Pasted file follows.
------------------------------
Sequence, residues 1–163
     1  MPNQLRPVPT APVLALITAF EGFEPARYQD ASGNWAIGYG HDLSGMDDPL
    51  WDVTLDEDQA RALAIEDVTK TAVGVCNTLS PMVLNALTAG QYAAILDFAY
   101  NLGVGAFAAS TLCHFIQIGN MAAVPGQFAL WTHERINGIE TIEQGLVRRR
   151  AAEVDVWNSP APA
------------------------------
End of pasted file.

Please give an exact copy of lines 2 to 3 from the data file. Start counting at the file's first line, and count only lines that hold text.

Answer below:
     1  MPNQLRPVPT APVLALITAF EGFEPARYQD ASGNWAIGYG HDLSGMDDPL
    51  WDVTLDEDQA RALAIEDVTK TAVGVCNTLS PMVLNALTAG QYAAILDFAY